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E. T. A. HoffmanTransgressive Romanticism$
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Christopher R. Clason

Print publication date: 2018

Print ISBN-13: 9781786941213

Published to Liverpool Scholarship Online: May 2019

DOI: 10.3828/liverpool/9781786941213.001.0001

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Transgressive Play and Uncanny Toys in E.T.A. Hoffmann’s “Das fremde Kind”

Transgressive Play and Uncanny Toys in E.T.A. Hoffmann’s “Das fremde Kind”

Chapter:
(p.135) Chapter Seven Transgressive Play and Uncanny Toys in E.T.A. Hoffmann’s “Das fremde Kind”
Source:
E. T. A. Hoffman
Author(s):

Christina Weiler

Publisher:
Liverpool University Press
DOI:10.3828/liverpool/9781786941213.003.0008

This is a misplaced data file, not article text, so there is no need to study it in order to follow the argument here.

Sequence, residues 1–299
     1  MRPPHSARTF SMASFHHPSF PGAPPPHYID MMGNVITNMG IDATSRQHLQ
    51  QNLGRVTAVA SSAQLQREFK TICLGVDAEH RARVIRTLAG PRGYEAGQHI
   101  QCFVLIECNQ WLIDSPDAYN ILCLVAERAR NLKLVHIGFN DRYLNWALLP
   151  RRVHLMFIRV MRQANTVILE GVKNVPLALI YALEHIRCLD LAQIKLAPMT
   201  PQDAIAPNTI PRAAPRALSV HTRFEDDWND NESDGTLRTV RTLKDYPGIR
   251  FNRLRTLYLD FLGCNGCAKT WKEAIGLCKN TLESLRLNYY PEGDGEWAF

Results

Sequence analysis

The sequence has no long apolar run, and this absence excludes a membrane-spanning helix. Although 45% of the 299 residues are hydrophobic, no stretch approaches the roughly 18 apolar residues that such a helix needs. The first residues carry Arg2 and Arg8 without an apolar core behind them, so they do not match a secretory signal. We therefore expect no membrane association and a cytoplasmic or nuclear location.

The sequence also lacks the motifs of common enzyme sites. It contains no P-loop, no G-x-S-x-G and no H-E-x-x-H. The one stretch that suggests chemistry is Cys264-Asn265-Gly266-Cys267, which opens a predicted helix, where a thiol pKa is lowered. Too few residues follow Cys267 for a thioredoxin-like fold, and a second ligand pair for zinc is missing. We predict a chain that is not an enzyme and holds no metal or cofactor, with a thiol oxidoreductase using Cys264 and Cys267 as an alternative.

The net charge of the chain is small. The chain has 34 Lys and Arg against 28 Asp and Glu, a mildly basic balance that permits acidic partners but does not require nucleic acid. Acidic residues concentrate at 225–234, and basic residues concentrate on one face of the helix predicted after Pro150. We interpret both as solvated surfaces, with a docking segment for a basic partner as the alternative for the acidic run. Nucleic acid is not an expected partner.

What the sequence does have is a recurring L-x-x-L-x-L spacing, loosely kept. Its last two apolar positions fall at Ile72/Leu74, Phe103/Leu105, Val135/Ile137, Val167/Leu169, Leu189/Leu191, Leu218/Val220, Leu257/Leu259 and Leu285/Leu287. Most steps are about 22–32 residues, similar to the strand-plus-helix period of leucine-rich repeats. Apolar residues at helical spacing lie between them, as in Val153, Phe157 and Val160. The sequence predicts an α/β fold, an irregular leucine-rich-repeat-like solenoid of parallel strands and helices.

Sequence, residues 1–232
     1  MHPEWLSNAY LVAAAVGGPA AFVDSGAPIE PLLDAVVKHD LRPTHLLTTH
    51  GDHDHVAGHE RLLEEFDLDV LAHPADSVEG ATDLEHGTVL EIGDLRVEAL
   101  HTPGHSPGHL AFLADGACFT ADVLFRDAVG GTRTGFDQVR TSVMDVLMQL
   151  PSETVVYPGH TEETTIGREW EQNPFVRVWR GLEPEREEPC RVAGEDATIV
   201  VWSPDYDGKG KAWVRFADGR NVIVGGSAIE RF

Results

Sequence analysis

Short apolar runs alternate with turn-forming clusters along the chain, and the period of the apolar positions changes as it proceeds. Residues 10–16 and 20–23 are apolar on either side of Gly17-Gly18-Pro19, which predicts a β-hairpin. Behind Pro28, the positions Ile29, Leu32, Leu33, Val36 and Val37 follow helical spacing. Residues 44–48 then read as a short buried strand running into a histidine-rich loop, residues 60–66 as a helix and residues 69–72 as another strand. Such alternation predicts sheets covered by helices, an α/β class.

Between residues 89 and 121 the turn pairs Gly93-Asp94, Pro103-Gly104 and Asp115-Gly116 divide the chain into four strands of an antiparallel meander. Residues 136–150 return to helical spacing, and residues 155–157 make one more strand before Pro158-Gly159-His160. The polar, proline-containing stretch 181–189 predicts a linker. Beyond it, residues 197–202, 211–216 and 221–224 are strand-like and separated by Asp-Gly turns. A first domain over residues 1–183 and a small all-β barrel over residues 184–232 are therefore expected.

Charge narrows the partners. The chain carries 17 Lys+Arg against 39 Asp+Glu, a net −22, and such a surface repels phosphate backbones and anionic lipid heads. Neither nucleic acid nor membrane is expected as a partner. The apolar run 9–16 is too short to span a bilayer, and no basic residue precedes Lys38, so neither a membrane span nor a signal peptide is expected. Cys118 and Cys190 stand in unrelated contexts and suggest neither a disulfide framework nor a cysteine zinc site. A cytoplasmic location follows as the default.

The seventh essay examines “play” and how Hoffmann presents it in “The Strange Child,” labeling it “transgressive,” with both positive and negative manifestations. Hoffmann’s take endorses its positive expression, which creates a ludic space. It allows for creative transgressions of societal limitations, provoking the child to use imagination to transform the natural world around her or him, establishing connections to it, and filling it with wonder. The agent introducing them to such play is a fairy child from the forest, who inspires them to find dolls in the grass and soldiers among the twigs, rather than passively accepting sterile, mechanical toys from automaton-like relatives from “the city”; the more “natural” play produces a more imaginative child that understands what one may or may not do, and thus provides a constructive kind of transgression. “Artificiality” and “automation” function as impediments to such productive play. There are, however, more extreme, unmediated versions of such play that place the child into danger of losing itself in fantasy, and the tale warns against such transgressive excesses, the experience of which threatens the children with unmediated terror.

Keywords:   play, The Strange Child, ludic space, artificial, natural, toys

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